LC, I don't know about classic Theists ... seems like I've heard it both ways ... but the big difference is I don't really see it as a matter of a Deity as much as a matter of physics and metaphysics. What I understand (granted rather feebly) is that time as we understand it is but one of many dimensions and that the whole is truly a single unified structure with little resemblance to what we experience. The Buddhists have a word for it: emptiness. Our reality is empty which (again as I understand it) is a way of saying that we only experience a very small part of it, and time is one aspect of that small part. Now one can argue about the idea that this means "the Deity" has knowledge of the future, as opposed to the future being created as time passes, and get into all kinds of cute paradoxes but I don't see it that way, because this supposes that some anthropomorphic intelligence experiences the whole and in doing so gains knowledge of or even shapes the future. The problem with this is that said being is PART of this limited existence and cannot be the whole, just as the whole cannot be part of this existence, and yet this existence is part of the whole. Whew, now I've talked myself into a knot! What I'm trying to say is that we experience is portion of reality. It appears to change as it flows past, just like a movie film appears to change, when in fact it does not. We do not simply experience a pre-programmed reality, our actions shape our future, but the temporal experience is not what it appears to be. The problem comes when you try to insert a Deity. Where does the Deity fit? It cannot logically fit anywhere, because it has been pre-supposed as something that cannot be - an anthropomorphic entity with power distinctly outside of our human experience. God is not a being, God is the substance, beings are modes of the substance. The modes change, the substance does not. (HT)


Ah distinction. That is a whole subject unto itself. Is not everything defined by what makes it distinct? I think this very distinction is in some sense the "problem." In one way it is meaningless and artificial, but from another perspective it is the fact that we see that distinction that makes everything what it is. It makes us the creators. The modes, by the very fact of being modes make us what we are. Talking in circles again, but yes, I think maybe there is quite a lot in common. I consider myself a pantheist (little p) because that seems to define what I think better than anything else. But I think what I think because it "works" for me - at least for the moment. Probably PH has a better handle on Pantheism (big P). BTW, I checked and you're right, the RC teaches God is unchanging. But then, there is truth in all thought - because that thought is another mode. But that truth is no complete, any more than the wave is an ocean. Tell me more of this mysticism ... (HT)


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Deist views

HT, your position would be agreeable to a classic Theist and you are right- this is a good question. As a PanenDeist, I would have to differ with you and the Christians. I believe that Source Energy is constantly changing. Evolution is part of the fabric of the universe and I suspect even of that transcendent domain we spoke of earlier.

I will go one step further and really piss off the Theists- The future is truly open and not even the Deity can know what will ultimately occur in full detail. God exists around us, with us, AS us. Just like evolution, Free Will is also a part of the fabric of the universe. I do believe in a "teleology"; a defined plan for creation on the most basic level, but the Deity experiences this universe as we do, and we are free to decide how much, if any at all, we will tune into that "proleptic urge" (as described in PanenDeism), that "still, small voice" that is found somewhere deep within us; pulling us all toward that ultimate purpose of it all; should we care to listen. LC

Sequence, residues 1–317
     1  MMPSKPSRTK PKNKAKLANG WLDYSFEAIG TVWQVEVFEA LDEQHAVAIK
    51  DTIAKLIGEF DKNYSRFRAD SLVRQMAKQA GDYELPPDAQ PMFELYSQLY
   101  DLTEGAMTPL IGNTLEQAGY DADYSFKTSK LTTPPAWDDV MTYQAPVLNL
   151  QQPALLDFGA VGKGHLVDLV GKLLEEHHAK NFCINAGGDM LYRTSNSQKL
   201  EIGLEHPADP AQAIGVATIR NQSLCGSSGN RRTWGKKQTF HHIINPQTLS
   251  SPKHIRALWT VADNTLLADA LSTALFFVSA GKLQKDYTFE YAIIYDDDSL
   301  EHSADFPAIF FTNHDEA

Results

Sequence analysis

HT: I suspect that there is much more that we can agree upon than you might think. It is just that we are getting bogged down by semantics. What I call "apple", you are calling "orange". What you are referring to as SUBSTANCE, I am referring to as Source Energy, or Deity.

Remember, in our view there is NO "duality" of substance/mode. I actually agree with your characterization and I think it is a great way to describe things (a "mode" of the substance). The difference lies in the conception. It would be more helpful, I think, to consider material reality as "distinctions", rather than separate "beings" located outside the source (or "substance").

You and I, in our relation to the Creator, is as the wave is to the ocean. A particular wave can be distinguished and identified as a distinct thing. If I am surfing off the North Shore of Oahu, that killer wave that I have identified and am riding might even seem to be "alive", but we know that it is, in reality, just a "mode" or emanation of the substance we refer to as Pacific Ocean.

There is not much we can know about this Creator, other than what we can gather through reflective thought, meditation (communicative connection), personal experience and the explorations of science, but we have more than enough analogous material to come to a few tentative conclusions, in my view. I believe that God does exist, but not in the way they taught us in Sunday School! LC


Art teaches us something about its artist. If an artist is happy, his paintings probably reflect that happiness. Conversely, if an artist is unhappy, his paintings probably reflect that unhappiness. The only creation that God made that we know of is the universe. Since the entire universe is constantly changing, this suggests that God changes too. JX





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6. New question: Can Pantheists and Deists (and Pandendeists and Pandeists) pool our knowledge, resources, and arguments to counter the pernicious effects of revelation-based theism?

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Pantheist AND Deist views

I've intentionally made this a single section because it's not on a point of what might divide us, but of what might unite us!! Pandeism 13:43, 22 June 2010 (EDT)